This is a story I submitted to the fifth round of NPR's 3 Minute Fiction. There were over 5000 submissions, so I won't take it personally that I didn't win. :) The contest was announced on 9/11/10. I was in the kitchen, cooking dinner. I turned my ideas around in my head for the rest of the evening, and as soon as I got the kids went to bed, I ran upstairs to type it out. The next day, I cut about 200 words to stay within the 600 word limit. And then it was done. And here it is. 600 words exactly.
Some people swore that the house was haunted. Even before the brownstone stood empty, the family that lived there was isolated; the mother wore a black burkha that made her look like a negative image of a ghost floating down the street. Maybe it was unfair to blame the family for the distance; neighbors on the block felt uncomfortable making small talk.
“I’d be in a tank top,” said Marie Costa, three doors down, “and she’d say ‘Hi,’ covered, from head to toe, with her two kids. And I’d flashback to my grandma telling me I had loose morals because I’d gotten my ears pierced.”
Eric Williams, one door down, regretted that he’d never learned their names. “If we’d known them better, we could have tried to find out what happened to them.”
The family disappeared on 9/11/01, but no one noticed at first. Cynthia Rice’s husband was killed in the World Trade Center. In the aftermath, everyone was shell-shocked. Jet fighter planes roared overhead and paper from the towers floated across the East river to land in Joan Wellington’s backyard.
Joan was the first to realize they were gone. As anti-Muslim sentiment rose, Joan decided to pay them a visit, to extend a hand of friendship. No one answered her knocks. Chinese food menus were piled up at their door. Talking to neighbors eventually established that no one had seen the family since Mr. Smith, an elderly renter, saw them leave together on the morning of 9/11.
The years went by but the house stayed empty. Wet leaves covered the sidewalks. Snow fell. Gum melted to the pavement. Each anniversary, the block mourned the man they had lost. As time passed, some said the Muslim family was responsible for Jeffery Rice’s death. Others said they had fled in fear. Others, like Joan, just wondered what had become of them.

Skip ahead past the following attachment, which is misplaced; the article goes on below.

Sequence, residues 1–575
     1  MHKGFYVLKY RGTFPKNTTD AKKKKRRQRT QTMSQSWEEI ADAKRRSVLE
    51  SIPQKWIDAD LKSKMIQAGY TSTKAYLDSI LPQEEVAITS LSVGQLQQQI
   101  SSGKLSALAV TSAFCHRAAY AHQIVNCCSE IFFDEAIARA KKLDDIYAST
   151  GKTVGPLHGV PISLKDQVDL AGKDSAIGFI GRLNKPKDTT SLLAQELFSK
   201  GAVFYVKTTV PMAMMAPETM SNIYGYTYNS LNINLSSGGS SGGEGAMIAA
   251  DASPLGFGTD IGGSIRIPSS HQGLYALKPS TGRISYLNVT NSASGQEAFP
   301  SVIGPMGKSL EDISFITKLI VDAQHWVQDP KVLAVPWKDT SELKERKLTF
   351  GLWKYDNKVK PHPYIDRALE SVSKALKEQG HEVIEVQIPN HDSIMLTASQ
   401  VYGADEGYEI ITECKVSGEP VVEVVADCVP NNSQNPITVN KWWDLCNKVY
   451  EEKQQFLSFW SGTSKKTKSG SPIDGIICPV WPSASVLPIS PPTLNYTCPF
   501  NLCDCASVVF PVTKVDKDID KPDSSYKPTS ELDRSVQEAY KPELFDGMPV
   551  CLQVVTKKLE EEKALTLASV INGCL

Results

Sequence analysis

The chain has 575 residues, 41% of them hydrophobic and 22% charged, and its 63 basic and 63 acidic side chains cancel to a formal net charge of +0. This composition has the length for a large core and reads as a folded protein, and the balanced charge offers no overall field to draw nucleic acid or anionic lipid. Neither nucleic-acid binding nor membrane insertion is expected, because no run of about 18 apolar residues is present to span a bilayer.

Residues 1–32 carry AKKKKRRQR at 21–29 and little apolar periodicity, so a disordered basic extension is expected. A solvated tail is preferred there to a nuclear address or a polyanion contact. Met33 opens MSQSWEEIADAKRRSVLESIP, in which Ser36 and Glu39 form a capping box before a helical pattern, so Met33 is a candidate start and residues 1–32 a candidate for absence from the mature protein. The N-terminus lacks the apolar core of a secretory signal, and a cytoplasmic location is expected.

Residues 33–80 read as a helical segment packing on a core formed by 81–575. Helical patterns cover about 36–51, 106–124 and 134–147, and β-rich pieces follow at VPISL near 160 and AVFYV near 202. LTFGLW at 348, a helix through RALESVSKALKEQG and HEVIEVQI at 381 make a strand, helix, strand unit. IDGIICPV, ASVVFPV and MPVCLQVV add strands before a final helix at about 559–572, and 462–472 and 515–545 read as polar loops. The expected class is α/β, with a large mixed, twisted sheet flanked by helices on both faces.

The ninth anniversary was especially upsetting to the block because friends had stopped speaking to each other over the issue of the Muslim center near ground zero. Joan, for example, was no longer on speaking terms with Cynthia, her neighbor of 17 years. They had watched each other’s children, and Joan had practically moved in when Cynthia’s husband was killed. But more recently Joan had called Cynthia “prejudiced” and Cynthia had said that Joan hated America.
On 9/11/10, Joan saw a man unlocking the door of the empty house.
She went outside. “Hello. Do you live here?”
The man turned. “My sister lived here, with her family.”
“I remember them.”
The man didn’t speak, as if he was expecting Joan to say more.
“What happened to them?” she finally asked.
He looked surprised. “They were killed in the attack on the World Trade Center,” he said. “My brother-in-law had an office. They often breakfasted there on days when my sister and the kids spent the day in Manhattan.”
Joan stared at him, in shock.
“I live in London, and I couldn’t bring myself to return to face my sister’s empty home,” he said. His shoulders dropped. “But nine years of being haunted by a house is enough.”
“I didn’t know.”
“The papers printed their names,” he said.
“I didn’t know their names.” Joan bowed her head. “Someone else on this street died there, too.”
“You mean Rice?” The man shook his head. “Haven’t you read the paper? He didn’t die. They just found him, in Canada. He had never gone to work that day. He’d been fired the week before and hadn’t told his wife. When the towers fell, he just left.”
Nothing was ever the same again after that.